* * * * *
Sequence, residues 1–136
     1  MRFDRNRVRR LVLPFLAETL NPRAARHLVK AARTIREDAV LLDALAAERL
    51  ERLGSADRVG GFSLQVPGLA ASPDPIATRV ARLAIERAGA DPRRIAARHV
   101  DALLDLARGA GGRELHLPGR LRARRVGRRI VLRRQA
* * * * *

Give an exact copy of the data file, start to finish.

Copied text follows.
Sequence, residues 1–136
     1  MRFDRNRVRR LVLPFLAETL NPRAARHLVK AARTIREDAV LLDALAAERL
    51  ERLGSADRVG GFSLQVPGLA ASPDPIATRV ARLAIERAGA DPRRIAARHV
   101  DALLDLARGA GGRELHLPGR LRARRVGRRI VLRRQA